When you produce your HTML on the server side, on the other hand, the developer creating that HTML can have full access to the data store and take advantage of, for example, joins and aggregation functions in SQL stores.

This puts far more expressive power directly in the hands of the developer producing the HTML. Because your hypermedia API can be structured around your UI needs, you can tune each endpoint to issue as few data store requests as possible.

A good rule of thumb is that every request should shoot to have three or fewer data-store accesses.

#Tip 6: Avoid Modals

Modal windows have become popular, almost standard, in many web applications today.

Unfortunately, modal windows do not play well with much of the infrastructure of the web and introduce client-side state that can be difficult (though not impossible) to integrate cleanly with the hypermedia-based approach.

Consider using alternatives such as inline editing, rather than modals.

#Tip 7: Accept “Good Enough” UX

A problem many SPA developers face when coming to the HDA approach is that they look at their current SPA application and imagine implementing it exactly using hypermedia. While htmx and other hypermedia-oriented libraries significantly close the interactivity gap between hypermedia-based applications and SPAs, that gap still exists.

As Roy Fielding said with respect to the web’s REST-ful network architecture:

The trade-off, though, is that a uniform interface degrades efficiency, since information is transferred in a standardized form rather than one which is specific to an application’s needs.

Accepting a slightly less efficient and interactive solution to a particular UX can save you a tremendous amount of complexity when building a web application.

Do not let the perfect be the enemy of the good.

#Tip 8: When Necessary, Create “Islands of Interactivity”

At some point in your web application, there may come a point where the hypermedia approach, on its own, just doesn’t cut it.

A good example of this is re-ordering a list of things. This can be done in “pure” hypermedia by clicking up and down arrows or having order # drop-downs next to items. (I am ashamed to admit I have built both of these!)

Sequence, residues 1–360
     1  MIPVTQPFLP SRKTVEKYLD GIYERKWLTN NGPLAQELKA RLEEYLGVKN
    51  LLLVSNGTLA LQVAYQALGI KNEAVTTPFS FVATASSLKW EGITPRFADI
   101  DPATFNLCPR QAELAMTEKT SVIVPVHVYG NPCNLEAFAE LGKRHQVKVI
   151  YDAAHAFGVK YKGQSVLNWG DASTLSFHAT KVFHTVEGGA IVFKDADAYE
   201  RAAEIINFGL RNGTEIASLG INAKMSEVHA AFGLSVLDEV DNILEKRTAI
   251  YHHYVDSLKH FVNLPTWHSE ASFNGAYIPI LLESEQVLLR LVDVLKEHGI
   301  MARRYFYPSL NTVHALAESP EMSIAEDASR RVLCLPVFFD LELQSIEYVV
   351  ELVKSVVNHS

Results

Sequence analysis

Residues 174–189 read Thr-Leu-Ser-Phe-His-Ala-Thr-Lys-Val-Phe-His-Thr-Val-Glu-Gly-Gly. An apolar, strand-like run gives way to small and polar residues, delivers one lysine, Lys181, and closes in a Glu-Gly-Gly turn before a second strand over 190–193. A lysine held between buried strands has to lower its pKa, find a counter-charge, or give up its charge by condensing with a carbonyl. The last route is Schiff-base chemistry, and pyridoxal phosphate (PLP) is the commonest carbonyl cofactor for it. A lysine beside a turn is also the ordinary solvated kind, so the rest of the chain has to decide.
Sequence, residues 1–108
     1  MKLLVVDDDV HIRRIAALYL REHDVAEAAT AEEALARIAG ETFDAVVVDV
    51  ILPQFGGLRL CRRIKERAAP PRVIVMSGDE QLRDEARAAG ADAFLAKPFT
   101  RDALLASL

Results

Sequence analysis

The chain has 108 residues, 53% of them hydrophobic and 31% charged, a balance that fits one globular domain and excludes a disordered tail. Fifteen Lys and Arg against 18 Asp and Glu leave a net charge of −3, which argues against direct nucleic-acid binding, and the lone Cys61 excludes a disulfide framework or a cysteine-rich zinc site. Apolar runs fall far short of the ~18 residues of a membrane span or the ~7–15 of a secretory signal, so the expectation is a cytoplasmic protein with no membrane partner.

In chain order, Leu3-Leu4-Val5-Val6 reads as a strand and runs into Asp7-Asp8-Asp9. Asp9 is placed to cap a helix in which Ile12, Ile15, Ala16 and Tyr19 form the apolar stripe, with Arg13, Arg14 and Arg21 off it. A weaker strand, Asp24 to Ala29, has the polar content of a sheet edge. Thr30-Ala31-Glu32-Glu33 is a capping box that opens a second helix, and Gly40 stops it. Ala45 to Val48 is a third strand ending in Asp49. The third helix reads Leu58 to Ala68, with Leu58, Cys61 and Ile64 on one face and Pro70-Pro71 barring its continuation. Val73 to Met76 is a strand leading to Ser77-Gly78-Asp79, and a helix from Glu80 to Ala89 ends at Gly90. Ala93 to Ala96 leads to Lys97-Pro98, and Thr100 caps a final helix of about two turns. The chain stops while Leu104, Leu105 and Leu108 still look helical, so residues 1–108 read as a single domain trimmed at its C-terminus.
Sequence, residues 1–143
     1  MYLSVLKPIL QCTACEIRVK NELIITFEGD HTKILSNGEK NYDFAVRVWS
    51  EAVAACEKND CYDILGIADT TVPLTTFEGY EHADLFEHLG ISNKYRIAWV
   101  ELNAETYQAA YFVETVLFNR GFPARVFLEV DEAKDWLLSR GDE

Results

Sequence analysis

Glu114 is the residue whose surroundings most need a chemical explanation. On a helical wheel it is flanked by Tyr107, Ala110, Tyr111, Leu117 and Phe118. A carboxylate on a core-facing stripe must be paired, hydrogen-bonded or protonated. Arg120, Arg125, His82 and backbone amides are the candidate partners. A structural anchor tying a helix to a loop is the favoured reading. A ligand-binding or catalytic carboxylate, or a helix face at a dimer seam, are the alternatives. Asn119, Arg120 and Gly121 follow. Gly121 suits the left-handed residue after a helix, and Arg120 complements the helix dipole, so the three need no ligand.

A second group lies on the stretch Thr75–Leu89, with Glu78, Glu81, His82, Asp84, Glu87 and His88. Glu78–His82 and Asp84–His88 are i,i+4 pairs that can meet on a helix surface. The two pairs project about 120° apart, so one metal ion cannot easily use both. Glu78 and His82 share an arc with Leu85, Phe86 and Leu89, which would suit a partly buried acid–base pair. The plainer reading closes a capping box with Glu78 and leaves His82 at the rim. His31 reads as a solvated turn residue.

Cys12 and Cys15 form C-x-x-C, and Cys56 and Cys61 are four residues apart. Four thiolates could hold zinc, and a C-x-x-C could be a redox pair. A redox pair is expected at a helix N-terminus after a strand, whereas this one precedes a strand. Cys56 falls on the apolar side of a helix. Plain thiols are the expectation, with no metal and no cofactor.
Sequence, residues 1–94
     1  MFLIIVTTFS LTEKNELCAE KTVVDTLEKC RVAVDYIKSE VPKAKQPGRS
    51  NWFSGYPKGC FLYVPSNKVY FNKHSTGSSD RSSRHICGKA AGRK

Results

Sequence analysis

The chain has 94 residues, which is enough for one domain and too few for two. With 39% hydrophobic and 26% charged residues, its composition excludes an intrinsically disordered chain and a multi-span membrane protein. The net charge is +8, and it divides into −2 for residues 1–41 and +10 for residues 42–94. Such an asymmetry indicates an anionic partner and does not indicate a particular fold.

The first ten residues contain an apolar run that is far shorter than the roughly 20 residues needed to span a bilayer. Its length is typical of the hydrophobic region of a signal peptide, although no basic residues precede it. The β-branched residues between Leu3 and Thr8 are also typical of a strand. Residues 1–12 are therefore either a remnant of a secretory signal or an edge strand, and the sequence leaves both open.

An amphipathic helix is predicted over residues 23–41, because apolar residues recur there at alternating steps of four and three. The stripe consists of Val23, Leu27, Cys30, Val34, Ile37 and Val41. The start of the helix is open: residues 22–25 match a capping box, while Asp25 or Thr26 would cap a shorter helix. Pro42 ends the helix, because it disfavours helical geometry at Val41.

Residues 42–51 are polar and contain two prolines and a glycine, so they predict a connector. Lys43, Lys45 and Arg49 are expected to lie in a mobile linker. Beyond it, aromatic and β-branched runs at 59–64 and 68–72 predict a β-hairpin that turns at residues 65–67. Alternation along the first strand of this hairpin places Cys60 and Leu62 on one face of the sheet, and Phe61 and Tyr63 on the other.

But this experience stinks compared to what people are used to: drag-and-drop.

In cases like this, it is perfectly fine to use a front-end heavy approach as an “Island of Interactivity”.

Consider the SortableJS example. Here you have a sophisticated area of interactivity that allows for drag-and-drop, and that integrates with htmx and the broader hypermedia-driven application via events.

This is an excellent way to encapsulate richer UX within an HDA.

#Tip 9: Don’t Be Afraid To Script!

Scripting is explicitly a part of the web architecture and developers adopting the hypermedia approach shouldn’t be afraid to use it. Of course there is scripting and then there is scripting.

As much as possible, you should try to use the hypermedia-friendly scripting approach, retaining hypermedia-exchanges as the primary mechanism for communicating system state changes with the server.

Inline-style scripting, as enabled by alpine.js & hyperscript for example, is worth exploring as well, as it refocuses your scripting on the hypermedia (HTML) itself and imposes an aesthetic constraint on just how much code you can write.

#Tip 10: Be Pragmatic

Finally, do not be dogmatic about using hypermedia. At the end of the day, it is just another technology with its own strengths & weaknesses. If a particular part of an app, or if an entire app, demands something more interactive than what hypermedia can deliver, then go with a technology that can.

Just be familiar with what hypermedia can do, so you can make that decision as an informed developer.


Hopefully these tips help you adopt hypermedia and server-side rendering as a tool more effectively and smoothly. It isn’t a perfect client-server architecture, and it involves explicit tradeoffs, but it can be extremely effective for many web applications (far more than most web developers today suspect) and provides a much simpler overall development experience in those cases.